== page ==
A Review & Perspective on LIFEGIVER Interview with Sarah Drew

By Dinah A. Dziolek, LMHC, LPC

Corie Weather’s interview with Sarah Drew was very authentic. It really connected the issue of pain and suffering, grief with service life. Sarah was vulnerable about her own grief with leaving one phase of her work with Grey’s Anatomy to move into a different and wonderful season of her career and life. She talked about how the “in between” of waiting and slowing down was difficult for her because she loves staying busy with work but saw it as a great opportunity to take care of herself and spend time with her family. Corie mentions the fear of the unknown within this period of waiting, not knowing what is coming next and relates it to military and first responder spouses’ experiences with military and service cultures. Corie explains that we as service spouses are faced with the “in-between” of waiting and the uncertainty of what is coming next with the ongoing work of serving the military mission and local community. She states for service spouses, finding the time for self-care is very difficult while balancing the demands of service life and family.

They talked about a very emotional scene Sarah plays as April in Grey’s Anatomy and how powerful that was from a faith perspective. Sarah explained she was able to help shape the role of April with writers and she felt personally connected out of her own experience as growing up as a pastor’s daughter. She said this role was very important and she felt great responsibility to represent April well from a Christian perspective as a loving human of faith. She explained, when it comes to pain, God is not indifferent to our pain and suffering and we have a brother in Jesus who knows and has experienced suffering just as we do. She went onto to say, as people of faith, suffering is guaranteed. Corie connected this with the Christian protestant community explaining that people have an expectation that choosing to live out faith means life will be easier but in actuality suffering is our reality and something we must embrace in order to grow and mature in our faith. Sarah then talks about how this scene from Grey’s Anatomy with April and this patient who is dying had a tremendous impact on people of faith in her community. She goes onto to talk about how she loves being a bridge builder and loved seeing how this particular scene really brought people of different faith backgrounds together.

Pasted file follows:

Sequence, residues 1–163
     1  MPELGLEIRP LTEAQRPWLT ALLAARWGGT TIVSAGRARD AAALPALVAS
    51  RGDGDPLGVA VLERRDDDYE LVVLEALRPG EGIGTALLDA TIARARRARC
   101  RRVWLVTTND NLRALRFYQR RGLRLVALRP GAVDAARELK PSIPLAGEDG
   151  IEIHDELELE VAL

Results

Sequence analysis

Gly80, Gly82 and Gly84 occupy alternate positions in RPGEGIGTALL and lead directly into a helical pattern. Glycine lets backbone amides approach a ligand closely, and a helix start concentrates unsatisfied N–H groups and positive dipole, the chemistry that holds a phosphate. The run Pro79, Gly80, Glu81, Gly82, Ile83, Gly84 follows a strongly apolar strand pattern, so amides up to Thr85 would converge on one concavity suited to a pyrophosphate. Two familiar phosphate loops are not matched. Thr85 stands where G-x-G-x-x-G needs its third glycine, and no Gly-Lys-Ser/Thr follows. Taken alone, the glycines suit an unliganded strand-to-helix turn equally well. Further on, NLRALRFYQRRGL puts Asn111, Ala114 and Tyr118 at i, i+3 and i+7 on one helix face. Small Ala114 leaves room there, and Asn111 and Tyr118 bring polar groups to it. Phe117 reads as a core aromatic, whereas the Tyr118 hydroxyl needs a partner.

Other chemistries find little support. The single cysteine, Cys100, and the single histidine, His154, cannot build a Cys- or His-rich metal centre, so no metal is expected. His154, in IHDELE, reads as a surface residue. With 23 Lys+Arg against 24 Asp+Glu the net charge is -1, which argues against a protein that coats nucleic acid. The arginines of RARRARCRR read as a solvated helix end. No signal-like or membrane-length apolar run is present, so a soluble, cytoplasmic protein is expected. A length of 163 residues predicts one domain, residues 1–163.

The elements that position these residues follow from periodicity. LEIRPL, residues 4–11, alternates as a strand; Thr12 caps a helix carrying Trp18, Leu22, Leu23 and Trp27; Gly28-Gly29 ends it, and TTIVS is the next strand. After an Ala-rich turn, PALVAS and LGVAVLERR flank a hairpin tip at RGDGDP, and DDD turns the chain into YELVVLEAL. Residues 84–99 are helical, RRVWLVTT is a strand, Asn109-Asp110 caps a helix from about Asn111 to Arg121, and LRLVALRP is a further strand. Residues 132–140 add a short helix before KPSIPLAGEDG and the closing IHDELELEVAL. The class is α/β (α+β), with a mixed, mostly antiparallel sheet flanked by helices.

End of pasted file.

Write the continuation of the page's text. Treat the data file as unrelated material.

Sarah talked about how her work in this film really hit home for her because she related it with the struggles she has had in her own marriage, how internally she silently struggled and how therapy shed light on the pain and helped her and her husband work through it to heal as a couple. She talks about how fear and shame hold us back from shedding light on our inner pain and suffering in the same way Heather struggled in this film. Sarah explained how she had always searched for a role in which she could tell her story of struggle and this was it for her. Corie went onto talk about this is especially relevant for Chaplain and Leadership couples within the military culture. She talks about how when she became vulnerable about her marriage struggles that people were amazed to discover she struggled with the same things they did and that sparked conversations about how Commander Couples may struggle as well. The kitchen scene was especially realistic and authentic for many military and service couples. They close the interview with Sarah talking about her experience as a pastor’s daughter watching her parents struggle in their marriage and have difficulty with being vulnerable about that out of the fear of being judged. She realized that being vulnerable in her role as Heather, the Chaplain’s wife, was so powerful in that it allowed her to let other people see that struggle and pain.

This film is truly the story of our military and service families and their inner struggles from the sacrifices of military and service life. As a chaplain’s wife watching the film with my husband, an Active Duty Air Force Chaplain was powerful.  It really hit home in many ways. In fact, even before I had the opportunity to prescreen the film, my husband and I were watching this particular interview over lunch at his favorite restaurant and this was at a point where we were struggling with reintegrating from his recent one year overseas assignment and subsequent PCS. We both listened intently as Corie and Sarah talked through the interview and when they brought up the kitchen scene my husband asked what it was about, as he had not seen the trailer. I described it to him in vivid detail as I began to cry in the middle of that restaurant, because this was our story too. He began to cry and told me “I’m not that guy.” This was the beginning of a turning point for us in the chaos of our “in-between” reintegration experience. We started giving the other the opportunity to understand the other person’s experience without judgment which brought us closer as a couple. We have always been friends but now we were back to being close as best friends. I have also felt the struggle with being vulnerable as a chaplain’s wife. I have chosen to be very open about my life and my struggles and have felt judgment for this. I think this is something that many chaplain and pastor’s spouses experience.  From my perspective, the reward of seeing people come to healing is worth the fear and pain of being judged. The reality is, judgement happens all the time, whether we are vulnerable or not. However, being honest about our pain and suffering, no matter who we are, is something that transcends all of that. It is the power of being in community and growing together. THIS is the most important part of all, my friends. I hope the message of this interview and the film INDIVISIBLE encourages you to step out of your comfort zone to bring you and the people in your community to a place of healing.